Paddling through the marsh at low tide in oppresively hot July weather, fighting against the large patches of water chesnut is no easy feat, but is necessary in order to measure the Surface Elevation Tables (SETs). Three times per year, staff at Constitution Marsh Audubon Center and Sanctuary venture out to measure the SETs. Why is this such an important task? The short answer is climate change.
Ocean levels are rising from melting ice caps and increases in ocean temperature. As the ocean levels rise, more water and sediment is pushed up the Hudson River and enters Constitution Marsh. Throughout the year we measure the sediment settled on the surface of of the marsh. In order for the birds and wildlife to survive, the surface of the marsh habitat must rise above the increasing tide levels. If the surface elevation does not increase, bird nests will be flooded out and the plant litter that makes up the nests will continuously be washed away.
Important Bird Areas, such as Constitution Marsh, will become increasingly critical for birds as climate change and human development decreases the amount of available habitat. If we are able to assess how climate change will affect the marsh habitat, then we can try to deter negative impacts so the marsh can remain a healthy place for birds to live and visit.
Averting the worst effects and adapting to climate change is not something we can do alone. Luckily, a positive aspect of environmental organizations is the capability to form partnerships in order to work towards a common goal. Through this superpower, organizations like Audubon are able to conduct research and start to organize at the grassroots level to make institutional changes on both the local and national scale.
According to Audubon’s Climate Report released in 2014, 314 species of North American birds out of the 588 surveyed will lose 50% their current geographic range by 2080 even in low emissions scenarios. This means bird species won’t be able to live where they are currently residing and they will have to move and adapt to changing conditions quickly.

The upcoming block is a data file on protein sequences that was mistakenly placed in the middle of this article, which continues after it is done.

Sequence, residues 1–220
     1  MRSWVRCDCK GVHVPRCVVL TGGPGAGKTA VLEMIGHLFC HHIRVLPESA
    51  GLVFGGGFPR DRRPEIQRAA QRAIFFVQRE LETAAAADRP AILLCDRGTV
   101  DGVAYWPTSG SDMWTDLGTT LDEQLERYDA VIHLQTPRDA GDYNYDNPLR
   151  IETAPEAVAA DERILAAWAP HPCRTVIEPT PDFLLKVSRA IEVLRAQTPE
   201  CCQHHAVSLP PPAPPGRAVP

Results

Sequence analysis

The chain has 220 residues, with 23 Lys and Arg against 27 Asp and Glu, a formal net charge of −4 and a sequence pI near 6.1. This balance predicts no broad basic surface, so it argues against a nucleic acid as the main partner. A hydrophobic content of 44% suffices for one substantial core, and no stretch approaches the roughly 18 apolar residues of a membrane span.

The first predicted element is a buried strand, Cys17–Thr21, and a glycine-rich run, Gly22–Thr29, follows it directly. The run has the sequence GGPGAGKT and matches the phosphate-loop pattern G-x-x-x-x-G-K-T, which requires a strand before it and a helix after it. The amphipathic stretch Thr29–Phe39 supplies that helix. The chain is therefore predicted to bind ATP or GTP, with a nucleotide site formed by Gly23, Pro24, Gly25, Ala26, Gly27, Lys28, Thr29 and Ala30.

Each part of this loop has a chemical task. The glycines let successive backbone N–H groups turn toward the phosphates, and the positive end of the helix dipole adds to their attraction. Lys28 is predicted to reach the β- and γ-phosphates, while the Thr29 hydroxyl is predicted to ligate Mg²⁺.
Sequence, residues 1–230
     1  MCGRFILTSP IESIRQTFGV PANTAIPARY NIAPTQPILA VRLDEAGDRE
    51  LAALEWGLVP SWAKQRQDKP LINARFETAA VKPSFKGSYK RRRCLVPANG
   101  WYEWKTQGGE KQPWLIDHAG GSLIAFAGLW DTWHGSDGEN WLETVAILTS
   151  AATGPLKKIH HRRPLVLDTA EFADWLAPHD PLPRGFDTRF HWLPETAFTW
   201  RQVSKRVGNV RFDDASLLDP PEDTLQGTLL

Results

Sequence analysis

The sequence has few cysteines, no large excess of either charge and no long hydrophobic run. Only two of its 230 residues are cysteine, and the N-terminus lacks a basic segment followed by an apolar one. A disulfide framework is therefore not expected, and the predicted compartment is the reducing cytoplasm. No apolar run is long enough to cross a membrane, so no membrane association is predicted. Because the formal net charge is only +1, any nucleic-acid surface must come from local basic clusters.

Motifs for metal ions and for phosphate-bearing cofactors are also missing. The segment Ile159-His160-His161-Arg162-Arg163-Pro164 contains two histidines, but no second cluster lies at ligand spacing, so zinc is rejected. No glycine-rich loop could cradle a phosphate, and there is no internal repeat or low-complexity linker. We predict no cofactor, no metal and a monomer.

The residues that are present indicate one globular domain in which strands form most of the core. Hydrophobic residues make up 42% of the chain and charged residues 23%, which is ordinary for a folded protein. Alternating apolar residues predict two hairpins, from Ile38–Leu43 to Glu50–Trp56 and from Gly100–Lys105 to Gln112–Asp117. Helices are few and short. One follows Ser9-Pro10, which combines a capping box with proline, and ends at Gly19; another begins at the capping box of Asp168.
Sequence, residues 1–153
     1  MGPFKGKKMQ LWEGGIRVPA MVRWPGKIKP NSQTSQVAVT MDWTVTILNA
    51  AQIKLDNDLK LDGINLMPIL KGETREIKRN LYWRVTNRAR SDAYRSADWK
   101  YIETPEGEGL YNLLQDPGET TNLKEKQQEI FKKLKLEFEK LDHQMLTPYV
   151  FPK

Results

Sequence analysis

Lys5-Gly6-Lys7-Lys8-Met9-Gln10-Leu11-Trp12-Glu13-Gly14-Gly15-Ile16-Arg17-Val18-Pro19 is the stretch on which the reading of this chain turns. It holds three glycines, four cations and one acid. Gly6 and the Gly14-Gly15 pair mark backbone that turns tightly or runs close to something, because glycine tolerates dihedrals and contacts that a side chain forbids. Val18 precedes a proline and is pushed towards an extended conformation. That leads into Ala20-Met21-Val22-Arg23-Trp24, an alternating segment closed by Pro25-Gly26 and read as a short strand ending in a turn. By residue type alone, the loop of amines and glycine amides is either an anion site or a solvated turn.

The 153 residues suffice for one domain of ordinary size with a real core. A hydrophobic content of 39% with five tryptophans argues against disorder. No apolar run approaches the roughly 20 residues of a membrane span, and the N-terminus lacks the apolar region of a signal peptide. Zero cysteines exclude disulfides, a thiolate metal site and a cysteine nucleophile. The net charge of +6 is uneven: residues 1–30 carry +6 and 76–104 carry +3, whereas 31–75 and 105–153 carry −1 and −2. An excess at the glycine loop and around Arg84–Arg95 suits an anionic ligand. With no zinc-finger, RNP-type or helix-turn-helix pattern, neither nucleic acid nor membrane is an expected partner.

Climate change is the greatest threat to birds.
Birds are an indicator species. When birds are protected, so is everything else. The effects of climate change that make it harder for birds to survive will also make it more difficult for us to survive. Increasing temperatures, bigger storms, increased precipitation, sea level rise, and stronger and longer droughts can destroy our crops, introduce new diseases, and make some cities unlivable. The worst part is, all the trouble we will go through will be from our own undoing. But, it’s not too late to stop the worst effects from happening.
Here are some actions you can take:
1. Get involved.
Look for information on how climate change is impacting your region and talk to your peers about how it can impact them. Share stories and insight on how you can make changes in your own community and homes to make those spaces a more carbon neutral place. Click here to find out how you can take action with Audubon New York!
2. Talk to your colleagues.
Industry accounts for 21% of greenhouse gas emissions (and 65% of carbon emissions); Agriculture, forestry, and land use take up 24%; and electricity and heat production make up 25% according to the EPA. If your place of work can operate in a greener way, talk to your co-workers and higher-ups to try to make changes that reduce emissions.
3. Eat a plant based diet
Switching to a plant based diet leads to lower rates of chronic diseases and reduce greenhouse gas emissions. According to Project Drawdown, the Western meat-centric diet has allowed for cattle to account for one fifth of greenhouse gas emissions. Turning to a vegetarian or vegan diet can help lower it. It might seem scary or that you might really miss meat, but as a vegetarian since 2016 I can truthfully say that I don’t miss meat. I eat way more fruits and vegetables than I used to and, dare I say, more pizza.
4. Educate and empower girls and young women
Educated young women, including myself, create sustainable communities and are better equipped to deal with the impacts of climate change. Empower young women and girls in your community. Embrace them to assume leadership roles in all subject areas, including in areas of science, and listen to what they have to say. Click here for information on Audubon's Women in Conservation Internship.
5. Plant native plants
Not only do native plants strengthen and support local ecosystems, they also help manage the temperature and water regulation of an area. Plants will keep spaces cool in the summer and provide shelter for wildlife in the winter while soaking up and releasing excess water. They are also essential in supplying food for birds, pollinators, and small mammals. The National Audubon Society has a Native Plant Database where you can find out what plants are best suited for your garden to support native wildlife.